Saturday, 24 August 2013

Health Check and Vegetation

The longer you leave it, the the harder it is to return, but here I am, back at the blogging.

Here is an ink cap, the first I have seen here this autumn.

The branching bur reed (Sparganium erectum) is a common aquatic plant, but I was delighted to see it in the temporarily dried out bit of the big pool in the Wet Wood. It is the first time I have seen it, and so much of it at that, in that area.

The beavers of the Wet Wood are very active now, preparing for winter. This ash (Fraxinus excelsior) was cut earlier in the year and has pushed out abundant coppice shoots, which have be browsed by roe deer.

Our most momentous event took place here in the first days of August, when the RZSS team came to do health checks on beaver here.

This is the article I wrote for the September number of the 'Alyth Voice'.

The swifts flew out one day during the first week of August. That is their wont and it marks the beginning of the end of summer. 

A day or two before the departure of the swifts the Royal Zoological Society of Scotand team came to Bamff on behalf of the Tayside Beaver Study Group to carry out health checks on any of the beavers here that had walked into their traps.  The chip shed had been prepared for the examination: the BBC crew that came to film for the One Show was in place.

'The first beaver to oblige was presented for examination on the 3rd of August. He turned out to be a young male of around 12kg. The high spot of the examination was a laparoscopy to study his liver. There has been some anxiety in official quarters that the beavers in the Tay might might be sources of a tape worm (Echinococcus multilocularis) that has been making its way through Europe. 

After the animal had been brought to the operating table ( it had been caught the previous day and spent the night in a beaver proof pen) and anaesthetised, the vet, Dr. Romaine Pizzi, carried out various procedures, including an ultra-sound scan, and then the laparoscopy. To do this, he cut away the belly wool. Then, after swabbing the area where he was to make the insertion, he made a small cut through the abdominal wall of the beaver and inserted a trocar ( a hollow pipe with a sharp end) and inserted his camera laparoscope through it. The monitor standing next the operating table now revealed live video of the internal organs of the animal. The liver was its proper clean purply  brown (so, no sign of infection by that worm which damages the liver seriously), and between the lobes he pointed out the spleen. As Dr. Pizzi moved the laparoscope around we could see clearly the large intestine. He pointed out the pelvis and the spermatic cord and, when he moved the camera up, we could make out the pulsations of the beating heart. All this was fascinating, made even more so by the commentary as Dr Pizzi answered questions that the interviewer from the One Programme asked. I was impressed above all by the sensitivity and respect with which Romaine carried out his work on the living animal, pointing out interesting adaptations that beavers had evolved to carry on their aquatic way of life. Apart from the laparoscopy, samples were taken of blood, faeces, anal gland secretions (this last for sexing the animal) as well as castoreum. Once all this was over, the mask which delivered the anaesthetic was removed from the beaver’s muzzle and the animal recovered consciousness. It was carried to the pen and left for a few hours to recover before being returned to its wetland home.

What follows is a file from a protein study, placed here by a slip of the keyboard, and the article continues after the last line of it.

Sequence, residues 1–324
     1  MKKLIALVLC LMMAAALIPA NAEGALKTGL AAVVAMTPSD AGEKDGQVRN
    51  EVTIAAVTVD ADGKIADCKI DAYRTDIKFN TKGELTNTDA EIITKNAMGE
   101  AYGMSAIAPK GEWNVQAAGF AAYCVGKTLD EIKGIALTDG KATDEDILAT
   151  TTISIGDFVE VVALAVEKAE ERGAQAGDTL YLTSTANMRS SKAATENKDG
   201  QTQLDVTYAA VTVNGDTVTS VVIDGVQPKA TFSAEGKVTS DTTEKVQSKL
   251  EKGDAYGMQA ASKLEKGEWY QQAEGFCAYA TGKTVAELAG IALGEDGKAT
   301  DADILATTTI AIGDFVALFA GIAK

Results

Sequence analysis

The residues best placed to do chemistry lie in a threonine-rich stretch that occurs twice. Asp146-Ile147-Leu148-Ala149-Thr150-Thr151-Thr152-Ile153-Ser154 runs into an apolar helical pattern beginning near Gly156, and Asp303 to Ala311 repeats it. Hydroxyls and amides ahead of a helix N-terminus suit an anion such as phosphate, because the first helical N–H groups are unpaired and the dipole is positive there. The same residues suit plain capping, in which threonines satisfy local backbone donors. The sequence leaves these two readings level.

The next day another beaver that had walked into a trap came in for its health check. Judging from his size and colour, I think he may well be the male that came to us from Bavaria in 2004. The same procedures were undertaken and, once again, we were excited to look at the insides of a living animal: the healthy liver, the gentle peristaltic movement of the large intestine with its branching networks of blood vessels. As on the day before, we looked at and handled the scaly tail of the animal and studied the webbed hind paws with the split nail that enables beavers to groom themselves so carefully. The beaver’s tail stores fat for the winter as well as being used as a rudder and diving plane with occasional use for propulsion. Both animals had fed well through the summer and their tails felt firm and strong.

Once the checks were over, the animal was awoken and, after giving him some time to recover,  was taken back to the place where he had been trapped, and released. This beaver, an adult male of 22kg, needed no persuasion to leave the carrying crate in which he had been moved and disappeared quickly into the waters from which he had come, leaving a trail of bubbles behind him.' 

Here are some of the photographs I took at the time.

Milking the anal glands for their secretion. Colour and consistency give a reliable indication of the beaver's sex.

That scaly tail - how did I miss the tip! 

Fur cut away before the laparoscopy.

The dense underfur that so nearly proved the undoing of the species.

The veterinary surgeon at work.

The monitor shows the healthy liver and spleen.

A length of large intestine.

Back to the water!

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